In what has seemed to become an increasingly alarming trend, yet another premier college football program has felt the sting of recruiting violations after reports surfaced this week indicting the University of Oregon.
Over the last several years the Oregon Ducks have been one of the elite football units at the FBS level. With a style of football all their own the Ducks have racked up four straight BCS bowl invitations, finished among the top five teams in the national rankings three times and even had their shot at a BCS National Championship in 2011.
Like so many other programs before it (Ohio State and USC come to mind), Oregon has now had that legacy tarnished as reports have surfaced of apparent recruiting violations by Oregon under the tenure of departed head coach Chip Kelly.
Kelly, who left the school in January to take on the head coaching job with the Philadelphia Eagles, has said in a statement that "While at Oregon, I know we were fully cooperative with all aspects of the investigation and I will continue to contribute in any way that I can."
During a press conference after the Eagles' first day of voluntary mini-camp Kelly also made a definitive statement that his choice to leave Eugene for the City of Brotherly Love had nothing to do with the NCAA's investigation into these reported violations.
"No, it had absolutely no impact on my decision to leave."
However Kelly's departure is eerily reminiscent of the same type of exit that current Seattle Seahawks' head coach Pete Carroll made when he left USC after the 2009-10 season. Carroll led the Trojans to the 2004 National Championship and also coached Heisman Trophy winners Carson Palmer and Reggie Bush.
Carroll was officially named the Seahawks' coach on January 11, 2010 and almost six months to the day, on June 10, the NCAA leveled a number of heavy sanctions on the Trojans. Those included postseason bans for both the 2010 and 2011 season as well as a vacation of all wins in the 2004 and 2005 seasons, which included a stripping of the 2004 National Title.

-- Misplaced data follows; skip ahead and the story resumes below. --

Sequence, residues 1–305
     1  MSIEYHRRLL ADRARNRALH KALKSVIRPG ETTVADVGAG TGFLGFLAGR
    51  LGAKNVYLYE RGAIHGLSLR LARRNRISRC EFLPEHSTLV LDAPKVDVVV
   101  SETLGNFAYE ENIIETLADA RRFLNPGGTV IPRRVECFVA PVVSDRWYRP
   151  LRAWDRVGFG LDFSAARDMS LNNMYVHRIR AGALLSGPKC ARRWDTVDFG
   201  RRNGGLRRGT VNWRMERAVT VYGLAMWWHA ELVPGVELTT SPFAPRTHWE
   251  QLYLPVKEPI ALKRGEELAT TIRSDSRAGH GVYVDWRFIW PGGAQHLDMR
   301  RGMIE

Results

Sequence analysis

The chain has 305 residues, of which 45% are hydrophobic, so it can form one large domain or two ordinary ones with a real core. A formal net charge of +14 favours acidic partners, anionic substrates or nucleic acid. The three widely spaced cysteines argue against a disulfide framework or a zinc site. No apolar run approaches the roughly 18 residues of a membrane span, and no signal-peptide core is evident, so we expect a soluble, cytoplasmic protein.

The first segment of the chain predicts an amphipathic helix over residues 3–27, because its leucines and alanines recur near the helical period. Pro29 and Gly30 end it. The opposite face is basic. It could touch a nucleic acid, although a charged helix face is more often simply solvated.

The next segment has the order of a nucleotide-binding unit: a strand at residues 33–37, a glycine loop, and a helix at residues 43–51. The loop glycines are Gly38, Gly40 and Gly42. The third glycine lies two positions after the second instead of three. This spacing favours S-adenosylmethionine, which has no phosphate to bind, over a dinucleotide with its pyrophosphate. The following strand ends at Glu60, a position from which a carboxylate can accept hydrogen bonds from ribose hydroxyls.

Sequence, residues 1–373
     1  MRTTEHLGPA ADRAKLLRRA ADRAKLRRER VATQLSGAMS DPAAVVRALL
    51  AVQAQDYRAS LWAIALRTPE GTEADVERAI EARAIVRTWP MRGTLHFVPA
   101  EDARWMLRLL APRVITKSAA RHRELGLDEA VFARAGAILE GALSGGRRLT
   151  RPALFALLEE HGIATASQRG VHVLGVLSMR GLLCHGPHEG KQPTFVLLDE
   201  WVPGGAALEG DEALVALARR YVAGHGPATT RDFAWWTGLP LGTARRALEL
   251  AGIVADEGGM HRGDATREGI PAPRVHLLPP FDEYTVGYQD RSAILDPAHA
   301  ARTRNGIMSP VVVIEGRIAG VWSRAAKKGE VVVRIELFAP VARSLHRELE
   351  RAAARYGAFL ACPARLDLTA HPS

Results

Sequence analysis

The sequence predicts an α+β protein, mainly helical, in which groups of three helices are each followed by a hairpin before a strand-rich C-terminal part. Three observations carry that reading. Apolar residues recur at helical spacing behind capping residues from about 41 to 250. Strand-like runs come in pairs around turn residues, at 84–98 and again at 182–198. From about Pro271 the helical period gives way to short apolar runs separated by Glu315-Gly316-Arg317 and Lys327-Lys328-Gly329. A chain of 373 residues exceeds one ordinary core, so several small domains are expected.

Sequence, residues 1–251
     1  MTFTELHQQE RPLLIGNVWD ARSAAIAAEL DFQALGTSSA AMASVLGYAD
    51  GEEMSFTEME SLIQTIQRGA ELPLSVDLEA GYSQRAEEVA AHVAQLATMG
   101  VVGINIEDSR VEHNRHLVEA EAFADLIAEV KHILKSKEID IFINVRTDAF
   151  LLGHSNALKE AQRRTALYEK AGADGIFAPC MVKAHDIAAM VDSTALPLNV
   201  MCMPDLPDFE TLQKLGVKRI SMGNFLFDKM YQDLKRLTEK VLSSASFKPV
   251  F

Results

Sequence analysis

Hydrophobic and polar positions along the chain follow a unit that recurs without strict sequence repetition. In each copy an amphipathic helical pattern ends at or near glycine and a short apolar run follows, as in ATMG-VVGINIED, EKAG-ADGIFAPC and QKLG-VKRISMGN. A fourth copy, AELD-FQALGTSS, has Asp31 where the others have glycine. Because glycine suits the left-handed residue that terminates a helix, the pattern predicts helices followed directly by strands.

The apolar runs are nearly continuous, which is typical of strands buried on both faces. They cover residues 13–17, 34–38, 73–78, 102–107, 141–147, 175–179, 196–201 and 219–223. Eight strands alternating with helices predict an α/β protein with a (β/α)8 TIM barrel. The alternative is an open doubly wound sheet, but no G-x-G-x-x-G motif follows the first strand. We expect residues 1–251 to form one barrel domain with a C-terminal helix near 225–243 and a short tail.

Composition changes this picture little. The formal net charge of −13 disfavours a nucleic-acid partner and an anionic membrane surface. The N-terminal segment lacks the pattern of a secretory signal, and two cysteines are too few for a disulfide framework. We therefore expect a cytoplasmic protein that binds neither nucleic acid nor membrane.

Bush was at the center of much of the recruiting transgressions and the school as well as Bush himself ended up returning their copies of his Heisman Trophy.
No one can blame Kelly or Carroll for leaving for the big lights of the NFL but their exits mean that they were able to take bigger pay days and completely avoid taking responsibility for violations committed under their watch. Meanwhile the players who remain behind are forced to pay for the transgressions they had no hand in crafting.
Though it is unclear what the punishment from the NCAA will be for Oregon, the school has proposed a two-year self-imposed probation period as well as a reduction in scholarships over the next three seasons.
One area where the Ducks have managed to stay away from some predecessors is that according to reports by the NCAA there was "no finding of lack of institutional control and no findings of unethical conduct."
Without those types of violations, Oregon may be able to avoid such decisive and crippling blows as the ones handed down to USC and Ohio State. The Buckeyes finished 12-0 this past season but due to a postseason ban, were not able to factor into the BCS Title conversation.
Oregon's reported violations come just weeks after reports that the NCAA was investigating the football program at Auburn University came to light. Former head coach Gene Chizik, who was fired following a dismal 3-9 campaign this past winter, has been less forthcoming than Kelly about alleged violations as the investigation continues.
Of course swirling around any possible violations by Auburn is the shady history of the recruitment of former star quarterback Cam Newton. The 2010 Heisman Trophy winner enjoyed one of the greatest seasons in college football history while leading the Tigers to the 2010 National Championship.
However there was always a dark cloud over Newton's accomplishments as a controversy about his eligibility hung over the season based on supposed illegal actions taken by Newton's father while he was being recruited out of Blinn Community College.
Although the investigation of Newton's recruitment ended after 13 months in October of 2011, recent developments just make any and all controversies in the past seem more shady.
Oregon's violations do not seem to be as major as those by USC, Auburn, Ohio State, or the long list of other schools that have taken hits of late in both football and basketball.
Despite that, the fact that yet another successful and respected program is embroiled in a controversy surrounding impropriety, just continues to chip away at the 'idealized amateurism' that collegiate athletics are supposed to perpetrate, replacing it with an air of suspicion of any and all programs that succeed.
At the very least, it has created a numbness to this type of blatant rule breaking in the name of winning.
It is unfortunate that when the dust settles following these investigations, the people paying the price are very often not those that committed the infractions, but rather the student athletes left behind.